21st Century Fox (FOXA) has enlisted the law firm Paul, Weiss, Rifkind, Wharton & Garrison to investigate sexual harassment claims against Bill O'Reilly, the face of its most popular show, "The O'Reilly Factor."
The move follows a New York Times report published last week which revealed that he and Fox News had paid $13 million to settle claims filed by five women who complained of sexual harassment and other behavior. The Fox investigation was put in motion by a complaint filed by Wendy Walsh, once a regular guest on the "O'Reilly Factor," on the network's anonymous hotline last week.
Shares of Fox were up 0.2% to $31.12 on Monday morning, but have fallen about 3% over the last five days, compared to the S&P 500's flat performance over the same time.
"21st Century Fox investigates all complaints and we have asked the law firm Paul Weiss to continue assisting the company in these serious matters," a Fox spokesperson said in a statement.
Paul Weiss also conducted the internal investigation into Roger Ailes, the longtime head of the conservative news network, after former Fox News anchor Gretchen Carlson filed a complaint alleging sexual harassment. More than two dozen women, including former Fox News anchor Megyn Kelly, recounted specific claims of sexual harassment to investigators, which ultimately helped cement Fox's decision to dismiss Ailes last July. Carlson's lawsuit was later withdrawn after Fox agreed to pay her $20 million.
More than 50 companies have said they're suspending ads from the popular primetime show in the wake of the O'Reilly controversy. Most have moved their advertisements to Fox News' other programming, meaning that the network still gets to keep most of the ad dollars. In their place, commercial breaks during the "O'Reilly Factor" have been featuring mostly B-list advertisers.
O'Reilly is Fox's top revenue producer, generating about $446 million in ad sales from 2014 through 2016, according to the New York Times report.
As of Monday morning, Bayer (BAYRY) , ConAgra Foods (CAG - Get Report) , Pfizer (PFE - Get Report) , Mercedes Benz, Subaru, AllState (ALL - Get Report) and a slew of other major U.S. brands said they had pulled advertising from the "O'Reilly Factor." A number of high-profile advertisers continued to run advertisements during the show, including Comcast (CMCSA - Get Report) , Microsoft (MSFT - Get Report) and AT&T (T - Get Report) , among others.
"Based on the serious nature of these allegations, we have made the decision to suspend all advertising on the program in question," a Bayer spokesperson said in a statement on Monday. "This suspension has been requested immediately and will be handled as expeditiously as possible."
The extensive advertiser boycott and the ongoing controversy have heightened analysts' concerns about Fox's pending $14.2 billion purchase of satellite TV and Internet provider Sky plc (SKYAY) . The European Commission on Friday approved the Sky acquisition, but now Fox must obtain a license from Britain's broadcast and communications regulator, Ofcom, of which Fox could face scrutiny from based on the regulators' "fit and proper" rule.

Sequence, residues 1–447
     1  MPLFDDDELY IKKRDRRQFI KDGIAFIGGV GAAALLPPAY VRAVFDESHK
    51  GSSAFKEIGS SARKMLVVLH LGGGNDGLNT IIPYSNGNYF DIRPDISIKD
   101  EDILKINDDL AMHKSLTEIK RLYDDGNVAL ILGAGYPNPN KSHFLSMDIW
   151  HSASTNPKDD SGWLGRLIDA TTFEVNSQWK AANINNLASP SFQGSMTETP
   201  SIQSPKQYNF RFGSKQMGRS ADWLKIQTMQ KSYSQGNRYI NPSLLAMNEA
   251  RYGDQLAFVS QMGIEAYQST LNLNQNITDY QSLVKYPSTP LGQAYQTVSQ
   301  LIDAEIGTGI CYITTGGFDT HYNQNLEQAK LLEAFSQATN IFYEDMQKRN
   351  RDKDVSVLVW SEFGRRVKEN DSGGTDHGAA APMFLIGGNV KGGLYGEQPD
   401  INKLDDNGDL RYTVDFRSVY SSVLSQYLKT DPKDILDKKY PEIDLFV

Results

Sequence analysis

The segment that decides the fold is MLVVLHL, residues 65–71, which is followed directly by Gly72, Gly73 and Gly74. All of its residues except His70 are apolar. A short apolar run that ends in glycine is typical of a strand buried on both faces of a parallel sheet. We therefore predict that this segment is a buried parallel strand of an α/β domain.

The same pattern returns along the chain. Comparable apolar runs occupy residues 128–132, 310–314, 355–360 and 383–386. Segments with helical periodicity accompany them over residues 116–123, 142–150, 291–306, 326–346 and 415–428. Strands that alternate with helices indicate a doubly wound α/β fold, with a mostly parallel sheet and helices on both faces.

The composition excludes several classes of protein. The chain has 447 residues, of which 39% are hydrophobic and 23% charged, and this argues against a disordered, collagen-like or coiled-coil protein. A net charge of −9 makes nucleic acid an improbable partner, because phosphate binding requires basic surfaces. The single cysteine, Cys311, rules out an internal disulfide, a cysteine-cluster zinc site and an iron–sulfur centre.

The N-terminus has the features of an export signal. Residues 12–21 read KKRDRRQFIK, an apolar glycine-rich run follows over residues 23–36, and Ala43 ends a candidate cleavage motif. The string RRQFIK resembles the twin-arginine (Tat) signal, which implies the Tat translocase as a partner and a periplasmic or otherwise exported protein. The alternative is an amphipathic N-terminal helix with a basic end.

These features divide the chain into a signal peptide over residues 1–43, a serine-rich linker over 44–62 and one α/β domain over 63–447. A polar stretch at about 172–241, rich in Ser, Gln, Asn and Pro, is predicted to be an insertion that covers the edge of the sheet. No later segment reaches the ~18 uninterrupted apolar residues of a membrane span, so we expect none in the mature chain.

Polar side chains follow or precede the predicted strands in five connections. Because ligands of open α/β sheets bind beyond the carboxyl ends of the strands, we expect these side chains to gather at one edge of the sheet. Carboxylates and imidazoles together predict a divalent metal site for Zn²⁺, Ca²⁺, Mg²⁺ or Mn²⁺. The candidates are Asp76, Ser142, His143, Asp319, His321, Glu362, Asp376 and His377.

The rule weighs whether a company's management is "fit and proper" to hold the license, and if O'Reilly stays on at Fox, it could cause regulators to question whether management is "overly tolerant" of inappropriate workplace environments, according to Pivotal Research analyst Brian Weiser.
O'Reilly himself hasn't yet addressed the allegations on-air, but he did issue a statement last week denying that any claims had been filed against him during his 20 years at Fox.
The controversy may have caused advertisers to flock in droves, but so far, it has done little to turn off O'Reilly's loyal fan base. The "O'Reilly Factor" drew 3.7 million and 3.8 million viewers last Monday and Tuesday, respectively, an increase of 14% from the same two nights in the week prior, according to USA Today.
And President Donald Trump even came to the defense of O'Reilly last week, saying in an interview with the Times that he didn't think the host "did anything wrong" and that O'Reilly shouldn't have settled the lawsuits.
Viewers' continued loyalty to O'Reilly amid the accusations has caused several commentators to question whether fans of the show pay much attention to controversies such as these. New York Times media columnist Jim Rutenberg wrote this week that O'Reilly has long gained viewers' trust by pledging to be a source of truth among an increasingly progressive media landscape, which serves as the basis for why some viewers remain inherently skeptical about the accusations.
Others pointed to how Trump faced numerous allegations of sexual assault and was still able to secure the presidential nomination as evidence for how many prominent male figures are able to withstand controversies related to sexual assault or harassment.
Viewers may not be the only faction that proves to be resilient, either. Advertiser boycotts can become difficult to sustain if large numbers of viewers continue to keep watching the programs that brands are blacklisting, The Washington Post noted.
Similarly, talk radio host Rush Limbaugh lost a slew of advertisers after he called Georgetown law student Sandra Fluke "a slut" back in 2012. It didn't take very long before those brands resumed advertising on the show, however. Radio distributor iHeartMedia said last August that it had renewed its contract with Limbaugh for an undisclosed term.